Threading in the Windows Runtime: Part 1
During the Build 2013 conference Marytn Lovell revealed some of the inner workings of the WinRT threading model. While .NET developers may be surprised at its complexity, especially when multiple windows are involved, traditional COM developers are going to be relieved to learn that it is much simpler than what they are used to.
The key points that Marytn wants developers to understand about WinRT multithreading are
- Use Async for long running operations
- Use agile objects for everything except UI objects
- Don’t block the UI thread.
Threading from the Application’s Perspective
The application basically sees the world as having UI threads and non-UI threads. UI objects “live” on a particular UI thread, while most other objects can be used on any thread. This is a major change from the desktop COM design, which presents the user with a wide variety of thread types and threading models.
Another difference between WinRT and COM is object lifetime. With the exception of UI objects, you can create objects on any thread, use them on any thread, and, if using C++, destroy them on any thread. By contrast, COM objects are bound to the thread that creates them. If you wish to move them to another thread special calls have to be invoked.
Why are UI Objects Special?
Back around 2000 Microsoft created a multithreaded UI framework where UI objects were not special and could be created and used on any thread. From a computer science perspective this sounded like a great idea, but when it came to actually building programs it resulted in some serious issues. For example, imagine the user presses the Ok button and then, while the Ok_Clicked event is being processed, the user pressed the Cancel button. You don’t want Ok_Clicked and Cancel_Clicked running at the same time, but you don’t want to writing locking code in each of the event handlers to block the other. In short, UI interactions are naturally serialized.
Multiple UI Threads
It is tempting to think that an application only has one UI thread, that being its Main or entry-point thread. In actuality it can have multiple UI threads handling different purposes. In WinRT 8, you will have a separate UI thread spawned to handle the Contracts (e.g. share) UI.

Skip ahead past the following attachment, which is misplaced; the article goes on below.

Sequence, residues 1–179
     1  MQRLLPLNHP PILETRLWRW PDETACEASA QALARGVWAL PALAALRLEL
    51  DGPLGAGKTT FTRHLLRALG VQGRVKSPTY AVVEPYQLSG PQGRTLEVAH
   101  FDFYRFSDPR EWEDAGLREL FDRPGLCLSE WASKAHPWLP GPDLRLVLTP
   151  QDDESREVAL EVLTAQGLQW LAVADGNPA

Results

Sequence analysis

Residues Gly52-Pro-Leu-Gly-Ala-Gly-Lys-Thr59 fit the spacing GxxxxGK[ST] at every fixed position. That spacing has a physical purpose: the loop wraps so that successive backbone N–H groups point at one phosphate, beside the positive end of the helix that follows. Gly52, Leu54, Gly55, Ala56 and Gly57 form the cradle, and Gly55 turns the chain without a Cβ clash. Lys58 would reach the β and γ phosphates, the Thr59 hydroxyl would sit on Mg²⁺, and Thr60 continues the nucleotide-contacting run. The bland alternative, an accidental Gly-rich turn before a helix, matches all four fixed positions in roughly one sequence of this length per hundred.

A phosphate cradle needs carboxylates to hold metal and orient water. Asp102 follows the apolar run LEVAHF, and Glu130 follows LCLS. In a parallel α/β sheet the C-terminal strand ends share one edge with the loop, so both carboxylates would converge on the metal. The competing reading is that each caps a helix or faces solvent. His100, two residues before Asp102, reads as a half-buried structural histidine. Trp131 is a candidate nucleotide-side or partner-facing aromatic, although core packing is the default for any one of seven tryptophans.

WinRT 8.1 adds the ability to show multiple views, each in its own Window. Each of these views will get its own UI thread.
It should be noted that the Main UI thread will always exist for the lifetime of the application, even if it isn’t being used to display a UI. This can occur if the application was launched just to show a Share dialog. So if you have code that needs to live on a single thread, you should still put it on Main.
In desktop COM, there is the concept of reentrancy. When you make an outgoing COM call, another incoming call can come in and take over the thread. This gives the illusion of two threads running on the UI concurrently, which is usually not what you want to happen. What’s worse is that it isn’t always obvious that you’ve made an outgoing COM call that pumps messages.
Visual Basic 6 and WinForms programmers may remember the problems caused by the DoEvents function, which temporarily made the UI responsive during a lengthy event handler by pumping messages. This reentrancy behavior is like scattering those DoEvents calls throughout your code with the hope that they don’t actually cause anything to happen. And it often can’t be avoided because COM objects need their messages to be pumped in order to operate.